The three winners of the IBC Innovation Awards each reflect the rapid changes in the media industry, with an app, an IP installation and cloud delivery taking the prizes. They also illustrated the essence of these awards: new, collaborative solutions to real issues, creative, technical or commercial.
Taking the award for content creation was the UK’s Channel 4, also a finalist last year. Their entry was a creative way of getting people to engage with a live programme. In TheSinger Takes It All the audience voted on their phones to move competitors either into the gold zone or into oblivion.
Two very different projects were highly commended in this category, and both involved centralisation of equipment for efficiency, one of the recurring themes of the evening. BBC Local Radio put all its digital hardware in one central location but kept the talent inside the 40 stations, for the first broadcast as a service implementation.
The National Basketball Association in America brought all its video replay technology together in its Secaucus headquarters, managing as many as 15 simultaneous games yet still getting the replays back within seconds.
Staying with sport in America, ESPN took the award for content management, thanks to its fully IP connected production facility, the first of its kind in the world. Digital Center 2 is home to five studios, 16 edit suites and six control rooms.
ESPN fought off tough competition, not least the IP developments at fellow US broadcaster Disney/ABC. This is a new distribution facility for more than 200 affiliated stations across the USA. dock10 in the UK was also on the shortlist for file-based innovation, this time allowing producers to connect in to the network, uploading dailies and editing wherever they are.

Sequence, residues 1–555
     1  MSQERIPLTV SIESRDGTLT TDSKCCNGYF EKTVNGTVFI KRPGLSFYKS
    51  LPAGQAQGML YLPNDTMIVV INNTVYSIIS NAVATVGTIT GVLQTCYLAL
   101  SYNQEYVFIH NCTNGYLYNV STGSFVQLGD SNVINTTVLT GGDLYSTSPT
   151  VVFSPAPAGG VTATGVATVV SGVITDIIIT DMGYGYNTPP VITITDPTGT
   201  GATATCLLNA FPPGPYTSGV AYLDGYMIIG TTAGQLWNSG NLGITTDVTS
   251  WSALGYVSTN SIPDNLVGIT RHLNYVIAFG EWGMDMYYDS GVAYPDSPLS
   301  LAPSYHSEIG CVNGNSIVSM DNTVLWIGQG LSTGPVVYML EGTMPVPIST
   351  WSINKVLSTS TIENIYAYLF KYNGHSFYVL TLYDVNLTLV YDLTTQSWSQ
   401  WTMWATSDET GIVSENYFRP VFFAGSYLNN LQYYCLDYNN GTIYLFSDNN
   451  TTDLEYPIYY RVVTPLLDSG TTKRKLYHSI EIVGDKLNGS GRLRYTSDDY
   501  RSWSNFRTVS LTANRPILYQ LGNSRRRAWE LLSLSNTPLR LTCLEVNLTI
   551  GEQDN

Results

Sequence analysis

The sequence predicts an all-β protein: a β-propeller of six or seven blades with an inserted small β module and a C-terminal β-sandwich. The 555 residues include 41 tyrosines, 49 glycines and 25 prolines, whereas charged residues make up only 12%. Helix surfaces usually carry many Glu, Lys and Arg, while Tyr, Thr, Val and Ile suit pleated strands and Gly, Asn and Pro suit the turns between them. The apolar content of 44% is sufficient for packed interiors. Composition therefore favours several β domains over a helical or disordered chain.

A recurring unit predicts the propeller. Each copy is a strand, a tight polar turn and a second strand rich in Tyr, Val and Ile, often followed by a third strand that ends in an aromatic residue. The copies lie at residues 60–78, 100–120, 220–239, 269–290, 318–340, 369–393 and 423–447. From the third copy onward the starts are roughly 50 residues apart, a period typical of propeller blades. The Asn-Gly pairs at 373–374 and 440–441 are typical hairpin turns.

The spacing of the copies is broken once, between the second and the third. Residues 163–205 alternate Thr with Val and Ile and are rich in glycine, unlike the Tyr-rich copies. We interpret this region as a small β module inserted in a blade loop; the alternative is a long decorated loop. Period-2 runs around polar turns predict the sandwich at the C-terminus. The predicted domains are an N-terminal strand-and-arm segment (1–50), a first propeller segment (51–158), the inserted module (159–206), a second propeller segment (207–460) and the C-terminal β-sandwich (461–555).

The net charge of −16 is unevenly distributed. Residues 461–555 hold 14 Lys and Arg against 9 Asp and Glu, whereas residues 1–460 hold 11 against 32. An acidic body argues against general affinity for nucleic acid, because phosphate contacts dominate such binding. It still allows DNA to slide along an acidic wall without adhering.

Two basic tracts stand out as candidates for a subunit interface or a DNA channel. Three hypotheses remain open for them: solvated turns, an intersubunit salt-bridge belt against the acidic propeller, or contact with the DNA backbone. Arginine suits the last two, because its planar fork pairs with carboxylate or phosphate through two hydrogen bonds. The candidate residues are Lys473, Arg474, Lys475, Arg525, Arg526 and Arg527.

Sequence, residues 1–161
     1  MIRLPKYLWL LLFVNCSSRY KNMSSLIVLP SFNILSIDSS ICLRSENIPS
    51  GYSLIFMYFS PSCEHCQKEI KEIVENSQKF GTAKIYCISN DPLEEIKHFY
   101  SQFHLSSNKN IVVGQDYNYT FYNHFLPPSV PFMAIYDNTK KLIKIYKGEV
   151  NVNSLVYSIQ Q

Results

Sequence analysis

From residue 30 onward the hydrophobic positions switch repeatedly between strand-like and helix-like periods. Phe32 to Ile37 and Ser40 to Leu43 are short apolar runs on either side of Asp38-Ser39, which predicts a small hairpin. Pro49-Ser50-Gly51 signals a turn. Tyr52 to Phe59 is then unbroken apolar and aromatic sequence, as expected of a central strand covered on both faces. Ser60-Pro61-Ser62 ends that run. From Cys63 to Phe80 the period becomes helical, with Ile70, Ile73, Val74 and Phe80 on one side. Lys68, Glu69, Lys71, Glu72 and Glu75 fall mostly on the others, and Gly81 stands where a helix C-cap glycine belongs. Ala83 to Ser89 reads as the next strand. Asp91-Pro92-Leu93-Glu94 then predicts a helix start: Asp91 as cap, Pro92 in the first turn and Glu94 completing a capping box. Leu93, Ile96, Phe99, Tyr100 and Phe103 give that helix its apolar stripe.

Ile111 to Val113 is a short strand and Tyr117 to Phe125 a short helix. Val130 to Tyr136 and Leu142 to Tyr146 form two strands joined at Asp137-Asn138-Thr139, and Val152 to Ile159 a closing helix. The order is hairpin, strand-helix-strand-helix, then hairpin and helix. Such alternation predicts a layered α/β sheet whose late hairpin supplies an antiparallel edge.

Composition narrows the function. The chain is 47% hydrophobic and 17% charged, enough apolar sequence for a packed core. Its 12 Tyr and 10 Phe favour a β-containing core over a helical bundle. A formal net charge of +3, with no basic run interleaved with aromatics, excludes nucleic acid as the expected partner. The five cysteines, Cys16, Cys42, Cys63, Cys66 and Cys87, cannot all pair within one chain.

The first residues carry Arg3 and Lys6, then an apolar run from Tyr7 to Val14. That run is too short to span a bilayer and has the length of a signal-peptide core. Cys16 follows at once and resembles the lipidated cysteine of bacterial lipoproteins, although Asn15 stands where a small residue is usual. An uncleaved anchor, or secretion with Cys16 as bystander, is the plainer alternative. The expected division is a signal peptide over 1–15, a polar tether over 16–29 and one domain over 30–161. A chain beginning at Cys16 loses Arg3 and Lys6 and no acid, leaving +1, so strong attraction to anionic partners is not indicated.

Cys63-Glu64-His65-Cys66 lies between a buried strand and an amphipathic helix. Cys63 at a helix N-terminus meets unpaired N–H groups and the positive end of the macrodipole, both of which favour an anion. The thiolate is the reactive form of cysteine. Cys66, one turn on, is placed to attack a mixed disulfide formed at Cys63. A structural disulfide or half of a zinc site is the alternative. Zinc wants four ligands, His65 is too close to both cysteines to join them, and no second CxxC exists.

One of the most interesting features of this year’s IBC Innovation Awards was that each category featured an audio project. In content management it was SBS Broadcasting, based here in Amsterdam, which has been developing new ways to maintain the excitement of soundtracks while meeting the latest loudness regulations, all in an automated workflow.
Going home with the award for content delivery was international broadcaster Sundance. It wanted to add a Brazilian variant of its Latin American feed, but the economics for a complete new channel did not add up. Cloud delivery of the regionalisation content, and watermarking to trigger dynamic content replacement was the solution.
Norway is planning analogue shut-off of its FM radio services as early as 2017, and transmission authority Norkring was on the shortlist for rolling out DAB+ to 99.5% of
the population of this challenging country.
Back to the USA, back to sport, and back to IP delivery for the last highly commended finalist. Pac-12 broadcasts an incredible 850 live sports events from 12 west coast universities, but rather than sending trucks to each one, only the cameras and the commentators travel: all the production is done in three control rooms in San Francisco.
You can find full details on all the IBC Innovation Award finalists and winners at www.ibc.org/awards.